Throughout the 21 Day Sleep Challenge we’ve talked a lot about how to create effective evening and morning routines. But what about the health and the quality of your sleep? Let’s take a look at how your sleep hygiene impacts on the length and quality of your sleep.
Sleep hygiene might seem like a bit of an obscure concept. When we look at the hygiene of something, we’re looking at the cleanliness of it. When it comes to sleep, we’re talking specifically about how much slow wave sleep or REM sleep you’re able to consistently enjoy.
This is the deepest level of sleep. It’s when our bodies go into a state of complete rest and repair. We need extended periods of this state of sleep in order to be able to concentrate, think critically and creatively and be productive.
Without this level of deep sleep, we tend to be grouchy, are less able to concentrate, are more likely to have trouble diving into creative concepts and are more likely to look and feel dull and lifeless. Physically we can see the effects of a poor night’s sleep. When we take a look at poor sleep quality through the lens of low sleep hygiene, it can help us to reframe sleep and create a clinical approach.
We approach diet and exercise from a scientific perspective, why not sleep? When we know the significant, positive effects of sleep it’s a bit silly not to approach it in the same way we do other parts of our lives.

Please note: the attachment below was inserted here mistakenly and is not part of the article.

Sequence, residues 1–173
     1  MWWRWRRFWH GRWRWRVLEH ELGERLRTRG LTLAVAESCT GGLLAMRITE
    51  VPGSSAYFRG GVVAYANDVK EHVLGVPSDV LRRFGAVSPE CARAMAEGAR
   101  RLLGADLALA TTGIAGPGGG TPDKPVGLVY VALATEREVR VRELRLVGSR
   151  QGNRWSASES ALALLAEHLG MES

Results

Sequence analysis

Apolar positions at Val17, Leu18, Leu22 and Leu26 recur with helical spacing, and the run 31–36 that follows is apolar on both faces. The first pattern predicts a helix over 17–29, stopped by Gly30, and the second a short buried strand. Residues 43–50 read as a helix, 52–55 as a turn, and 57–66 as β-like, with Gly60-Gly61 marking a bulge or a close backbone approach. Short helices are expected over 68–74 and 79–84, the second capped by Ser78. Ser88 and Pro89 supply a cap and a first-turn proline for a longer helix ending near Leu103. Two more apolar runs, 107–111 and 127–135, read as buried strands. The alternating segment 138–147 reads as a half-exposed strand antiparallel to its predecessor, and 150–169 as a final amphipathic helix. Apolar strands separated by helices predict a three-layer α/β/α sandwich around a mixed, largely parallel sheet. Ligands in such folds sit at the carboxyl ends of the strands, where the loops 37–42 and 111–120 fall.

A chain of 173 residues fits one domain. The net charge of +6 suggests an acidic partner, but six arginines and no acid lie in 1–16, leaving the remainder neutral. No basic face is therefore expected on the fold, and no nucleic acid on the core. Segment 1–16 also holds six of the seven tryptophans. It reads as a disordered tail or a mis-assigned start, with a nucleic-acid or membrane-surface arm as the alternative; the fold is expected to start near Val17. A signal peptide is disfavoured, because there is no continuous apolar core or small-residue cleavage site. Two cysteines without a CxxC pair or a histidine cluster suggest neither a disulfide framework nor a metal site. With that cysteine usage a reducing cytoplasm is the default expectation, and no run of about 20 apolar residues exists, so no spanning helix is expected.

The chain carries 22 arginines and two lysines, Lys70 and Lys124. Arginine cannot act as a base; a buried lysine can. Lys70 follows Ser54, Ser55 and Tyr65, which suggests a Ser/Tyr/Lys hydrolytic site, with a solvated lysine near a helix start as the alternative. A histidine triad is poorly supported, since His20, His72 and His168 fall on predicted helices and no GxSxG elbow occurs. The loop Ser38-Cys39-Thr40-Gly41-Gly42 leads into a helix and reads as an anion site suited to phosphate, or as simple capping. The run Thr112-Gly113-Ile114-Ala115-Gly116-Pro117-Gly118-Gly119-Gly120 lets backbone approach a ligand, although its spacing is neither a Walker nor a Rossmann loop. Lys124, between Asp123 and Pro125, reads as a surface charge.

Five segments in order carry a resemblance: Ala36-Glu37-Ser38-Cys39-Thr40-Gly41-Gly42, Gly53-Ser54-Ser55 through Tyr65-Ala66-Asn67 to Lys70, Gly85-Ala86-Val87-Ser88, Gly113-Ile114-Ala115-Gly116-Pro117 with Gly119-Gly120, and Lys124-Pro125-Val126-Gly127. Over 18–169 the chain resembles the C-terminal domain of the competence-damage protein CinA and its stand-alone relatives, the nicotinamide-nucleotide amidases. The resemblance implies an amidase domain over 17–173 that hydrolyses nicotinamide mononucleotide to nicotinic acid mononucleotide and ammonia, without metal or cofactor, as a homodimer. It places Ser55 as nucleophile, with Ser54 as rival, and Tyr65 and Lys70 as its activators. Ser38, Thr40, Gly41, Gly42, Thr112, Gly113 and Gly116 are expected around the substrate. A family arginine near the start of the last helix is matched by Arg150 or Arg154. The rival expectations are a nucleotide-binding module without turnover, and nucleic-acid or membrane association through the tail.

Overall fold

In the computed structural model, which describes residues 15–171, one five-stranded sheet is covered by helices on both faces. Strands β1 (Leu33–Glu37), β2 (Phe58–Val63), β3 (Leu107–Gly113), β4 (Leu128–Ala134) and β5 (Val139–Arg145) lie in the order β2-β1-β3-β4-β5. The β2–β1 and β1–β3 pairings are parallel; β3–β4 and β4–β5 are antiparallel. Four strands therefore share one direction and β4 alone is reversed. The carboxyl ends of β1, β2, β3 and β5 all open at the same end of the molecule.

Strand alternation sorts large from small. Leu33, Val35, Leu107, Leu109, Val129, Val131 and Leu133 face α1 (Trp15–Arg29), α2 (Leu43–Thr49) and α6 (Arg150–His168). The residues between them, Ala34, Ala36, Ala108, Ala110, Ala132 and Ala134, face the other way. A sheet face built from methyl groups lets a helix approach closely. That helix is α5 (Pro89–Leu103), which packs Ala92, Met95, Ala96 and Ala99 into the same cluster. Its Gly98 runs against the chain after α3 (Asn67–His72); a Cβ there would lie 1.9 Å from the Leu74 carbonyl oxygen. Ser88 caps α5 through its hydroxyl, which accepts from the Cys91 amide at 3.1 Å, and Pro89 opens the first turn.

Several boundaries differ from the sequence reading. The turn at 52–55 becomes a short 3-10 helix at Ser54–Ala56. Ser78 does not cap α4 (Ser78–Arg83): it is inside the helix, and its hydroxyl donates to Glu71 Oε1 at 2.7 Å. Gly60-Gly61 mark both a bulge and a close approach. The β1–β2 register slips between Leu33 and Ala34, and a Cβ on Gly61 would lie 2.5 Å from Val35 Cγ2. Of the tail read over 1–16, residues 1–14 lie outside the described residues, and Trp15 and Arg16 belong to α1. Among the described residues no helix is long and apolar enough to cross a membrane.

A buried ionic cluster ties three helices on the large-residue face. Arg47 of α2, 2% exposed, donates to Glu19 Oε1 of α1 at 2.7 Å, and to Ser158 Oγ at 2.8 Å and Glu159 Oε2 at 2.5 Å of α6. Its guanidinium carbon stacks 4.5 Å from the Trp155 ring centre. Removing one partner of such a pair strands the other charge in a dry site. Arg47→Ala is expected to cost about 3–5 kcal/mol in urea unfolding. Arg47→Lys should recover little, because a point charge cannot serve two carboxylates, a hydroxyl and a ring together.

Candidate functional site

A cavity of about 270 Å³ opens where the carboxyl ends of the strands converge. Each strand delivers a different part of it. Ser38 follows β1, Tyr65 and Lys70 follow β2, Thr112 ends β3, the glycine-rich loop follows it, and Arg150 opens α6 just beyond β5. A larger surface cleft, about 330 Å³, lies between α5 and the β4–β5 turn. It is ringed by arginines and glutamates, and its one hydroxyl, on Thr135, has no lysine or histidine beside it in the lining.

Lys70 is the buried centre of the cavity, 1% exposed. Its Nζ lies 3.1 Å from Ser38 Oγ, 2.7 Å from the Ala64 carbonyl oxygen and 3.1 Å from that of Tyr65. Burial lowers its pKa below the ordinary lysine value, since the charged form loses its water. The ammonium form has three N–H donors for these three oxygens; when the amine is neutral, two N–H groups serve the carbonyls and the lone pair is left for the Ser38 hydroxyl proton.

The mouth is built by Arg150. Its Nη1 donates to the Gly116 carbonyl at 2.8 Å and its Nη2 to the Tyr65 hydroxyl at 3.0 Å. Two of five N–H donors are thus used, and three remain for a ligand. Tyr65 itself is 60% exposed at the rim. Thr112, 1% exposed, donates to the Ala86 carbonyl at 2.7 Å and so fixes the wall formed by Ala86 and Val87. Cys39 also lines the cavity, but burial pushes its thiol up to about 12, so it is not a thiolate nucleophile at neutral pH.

How to Assess your Sleep Hygiene
We’re not trying to give you homework, but one of the best ways to monitor your sleep hygiene levels is to keep a sleep journal. We’re not talking about a dream journal, though by all means go ahead!
A sleep journal is a bit like a sleep tracker. A pedometer of sorts for sleep. You could even try a sleep tracking app that registers your movements or noise in sleep. Taking note of when you’ve woken throughout the night and how much deep sleep you’re getting is the first step in assessing your personal sleep hygiene.
If you’re frequently waking up in the middle of the night, take a look at the timing and the cause. Is it the same time every night to go to the bathroom? Perhaps reducing the amount of liquids you consume will prevent this from recurring, resulting in a more consistent sleep. Often small lifestyle changes can have a significant impact on the length and depth of your sleep.
If you’re in bed early enough but find it difficult to drift off, taking a look at your diet and exercise routine might be the best place to start a self assessment.